Shifting Perspectives : A Speculative Ontographic Approach

Pilling, Matthew and Coulton, Paul (2022) Shifting Perspectives : A Speculative Ontographic Approach. In: Proceedings of Cumulus Detroit 2022 : Design for Adaptation. UNSPECIFIED, USA.

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Originating from the field of cultural geography the term more-than-human (Whatmore, 2006) is increasingly being used to promote a shift from largely anthropocentric perspectives to one that acknowledges our relationships within complex ecological assemblages. This challenge to anthropocentric practices has also emerged in design and while some have used it to explore our relationships with non-human organic actants (Galloway, 2020, Westerlaken, 2021), in this paper we draw from Ian Bogost’s proposition of Alien Phenomenology (2012), which is derived from Harmans conception of Object Orientated Ontology (2005) , and enables us to broaden the scope of more-than-human to include much wider range of perspectives whereby an actant could be almost anything within such assemblages for instance: humans, birds, soil, algorithms, infrastructures, regulations, business models, values, etc. Whilst this philosophy provides an alternate ontological perspective for considering complex assemblages of human and non-human, as designers we primarily want to know how to put this theory into practice. In OOO, ontography is the examination of ontographs or collections of ontological modalities as possible relationships an object(s) may take. Bogost suggests a perspective of ontography as a record of the “things within” (2012). This recording of objects can then be defined further by their “collocation” to not only the things within the ontograph, but also those around it (2012). Here, it is also useful to draw on Karen Barad’s consideration of agency not as a property but as something which emerges from how entangled agencies relate to each other (Barad, 2007). Therefore, ontography allows us to map relationships between human and non-human actants and highlight both their interdependent relationships and consider their independent perspectives. For example, tire manufacturer Continental worked with ANYbotics to present a speculative vision of last metre robotic package delivery by combining autonomous legged robots with self-driving shuttles at the Consumer Electronics Show in 2019[1]. Whilst a speculative vision it was based on current and near future technologies and presents a seamless vision of an efficient future. To enable a deeper exploration around its potential we can produce a speculative ontograph of how the system might be built and operated as shown in Figure 1. This enables designers to ask questions that go beyond the surface of the proposition (simply a novel way of delivering packages) and consider the broader viewpoint such as embodied carbon in terms of environmental impact, energy use, consumption of natural resources, and logistics, alternatively it could reveal answers to questions such as what data does it collect, how is the data used, and who has access to the data? And how can we enable citizens to adapt such systems for their own needs? Thus, speculative ontography allows designers to practical shift perspectives from a largely One-World World (Law, 2015) view towards enabling a world of many worlds in which adaption by human and non-human actants could take many forms. This paper goes on to reveal the insights that have been uncovered by the speculative ontograph, describing an interactive and experiential installation that permits users to explore their future relationship with personal data. The installation or mobile research platform, shown in Figure 2, mimics a smart home setting but goes further to make tangible the ordinarily intentionally seamless and obscured interactions that users have with technology, thus the experience imbues users with agency and negotiability regarding their smart technology.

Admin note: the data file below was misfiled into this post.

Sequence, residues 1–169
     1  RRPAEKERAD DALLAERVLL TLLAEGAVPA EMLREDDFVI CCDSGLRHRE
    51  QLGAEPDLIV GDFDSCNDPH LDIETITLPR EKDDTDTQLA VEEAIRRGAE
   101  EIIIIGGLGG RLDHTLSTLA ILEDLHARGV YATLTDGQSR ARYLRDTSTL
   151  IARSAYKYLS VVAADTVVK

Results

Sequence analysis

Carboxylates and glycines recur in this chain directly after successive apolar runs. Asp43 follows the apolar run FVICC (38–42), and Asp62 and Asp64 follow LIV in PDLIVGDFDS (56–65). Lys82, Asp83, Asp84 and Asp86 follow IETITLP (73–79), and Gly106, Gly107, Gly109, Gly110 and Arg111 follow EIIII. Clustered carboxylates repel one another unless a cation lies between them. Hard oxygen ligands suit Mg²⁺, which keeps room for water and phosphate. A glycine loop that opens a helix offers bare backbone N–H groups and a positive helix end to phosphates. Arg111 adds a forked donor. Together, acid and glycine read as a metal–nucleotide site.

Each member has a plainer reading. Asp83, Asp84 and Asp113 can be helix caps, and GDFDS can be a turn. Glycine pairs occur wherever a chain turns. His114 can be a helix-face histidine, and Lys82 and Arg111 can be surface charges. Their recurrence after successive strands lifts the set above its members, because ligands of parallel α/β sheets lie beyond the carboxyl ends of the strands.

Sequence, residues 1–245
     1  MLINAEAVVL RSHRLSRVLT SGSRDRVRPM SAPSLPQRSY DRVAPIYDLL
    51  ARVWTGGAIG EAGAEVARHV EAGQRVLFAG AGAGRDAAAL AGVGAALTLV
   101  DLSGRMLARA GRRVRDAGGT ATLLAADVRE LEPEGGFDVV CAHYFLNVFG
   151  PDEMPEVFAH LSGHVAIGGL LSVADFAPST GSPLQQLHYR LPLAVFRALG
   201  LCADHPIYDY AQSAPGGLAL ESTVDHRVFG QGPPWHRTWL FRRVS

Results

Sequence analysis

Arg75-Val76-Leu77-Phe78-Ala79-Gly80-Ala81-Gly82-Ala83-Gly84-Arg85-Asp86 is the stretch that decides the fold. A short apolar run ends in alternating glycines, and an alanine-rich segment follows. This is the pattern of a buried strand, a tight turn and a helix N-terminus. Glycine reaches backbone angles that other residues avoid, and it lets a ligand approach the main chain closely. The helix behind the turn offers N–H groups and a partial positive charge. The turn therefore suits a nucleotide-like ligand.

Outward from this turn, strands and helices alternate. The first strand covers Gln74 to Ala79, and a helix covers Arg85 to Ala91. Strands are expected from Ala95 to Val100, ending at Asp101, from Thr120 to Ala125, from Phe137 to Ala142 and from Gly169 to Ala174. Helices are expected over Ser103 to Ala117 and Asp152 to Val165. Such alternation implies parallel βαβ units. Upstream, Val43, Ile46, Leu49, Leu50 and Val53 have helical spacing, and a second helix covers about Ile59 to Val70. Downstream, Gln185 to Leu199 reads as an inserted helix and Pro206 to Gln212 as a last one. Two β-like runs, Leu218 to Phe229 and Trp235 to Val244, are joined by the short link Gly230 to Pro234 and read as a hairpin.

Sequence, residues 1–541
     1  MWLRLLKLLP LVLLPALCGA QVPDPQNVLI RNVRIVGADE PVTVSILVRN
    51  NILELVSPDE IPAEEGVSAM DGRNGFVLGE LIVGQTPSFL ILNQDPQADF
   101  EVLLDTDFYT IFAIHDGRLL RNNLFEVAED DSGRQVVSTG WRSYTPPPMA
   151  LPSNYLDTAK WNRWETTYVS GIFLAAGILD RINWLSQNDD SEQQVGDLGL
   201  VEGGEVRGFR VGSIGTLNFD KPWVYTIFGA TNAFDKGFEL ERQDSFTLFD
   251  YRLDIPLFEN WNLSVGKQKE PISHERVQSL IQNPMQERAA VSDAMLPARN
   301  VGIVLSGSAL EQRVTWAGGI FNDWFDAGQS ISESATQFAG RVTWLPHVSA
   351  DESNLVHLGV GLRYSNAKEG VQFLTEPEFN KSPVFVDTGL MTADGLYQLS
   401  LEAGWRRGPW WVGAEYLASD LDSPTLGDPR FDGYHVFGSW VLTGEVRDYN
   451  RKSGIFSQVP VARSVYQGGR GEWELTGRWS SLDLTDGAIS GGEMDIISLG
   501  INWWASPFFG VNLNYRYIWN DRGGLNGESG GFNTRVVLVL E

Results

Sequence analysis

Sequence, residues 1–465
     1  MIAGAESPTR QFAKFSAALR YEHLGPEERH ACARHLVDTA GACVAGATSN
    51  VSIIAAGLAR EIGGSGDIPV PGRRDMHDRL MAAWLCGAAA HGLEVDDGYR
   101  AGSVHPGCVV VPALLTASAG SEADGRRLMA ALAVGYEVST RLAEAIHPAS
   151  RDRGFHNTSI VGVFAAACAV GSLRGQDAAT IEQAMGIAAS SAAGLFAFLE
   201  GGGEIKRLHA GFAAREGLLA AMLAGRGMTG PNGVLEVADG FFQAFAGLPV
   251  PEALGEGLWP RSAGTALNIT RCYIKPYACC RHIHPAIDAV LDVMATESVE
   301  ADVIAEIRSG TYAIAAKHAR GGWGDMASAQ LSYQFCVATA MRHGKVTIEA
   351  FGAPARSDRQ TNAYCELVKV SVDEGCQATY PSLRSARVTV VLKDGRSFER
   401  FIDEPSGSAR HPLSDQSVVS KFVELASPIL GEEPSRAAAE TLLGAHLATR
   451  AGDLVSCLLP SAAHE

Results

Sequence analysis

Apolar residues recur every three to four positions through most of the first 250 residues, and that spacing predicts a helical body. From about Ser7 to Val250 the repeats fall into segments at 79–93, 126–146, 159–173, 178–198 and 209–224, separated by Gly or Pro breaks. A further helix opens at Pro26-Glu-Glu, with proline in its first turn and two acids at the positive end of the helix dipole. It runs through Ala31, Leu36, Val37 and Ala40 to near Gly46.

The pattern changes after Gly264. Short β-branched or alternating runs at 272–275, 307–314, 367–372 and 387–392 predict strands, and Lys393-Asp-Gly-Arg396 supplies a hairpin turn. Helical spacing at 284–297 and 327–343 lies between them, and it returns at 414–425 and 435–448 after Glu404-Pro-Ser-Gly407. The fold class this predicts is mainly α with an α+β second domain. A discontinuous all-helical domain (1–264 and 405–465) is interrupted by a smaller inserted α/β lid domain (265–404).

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?? object orientated ontologyspeculative ontographydesign futuresexperiential futuresdesign fiction ??
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31 Jan 2023 12:10
Last Modified:
25 Apr 2024 00:15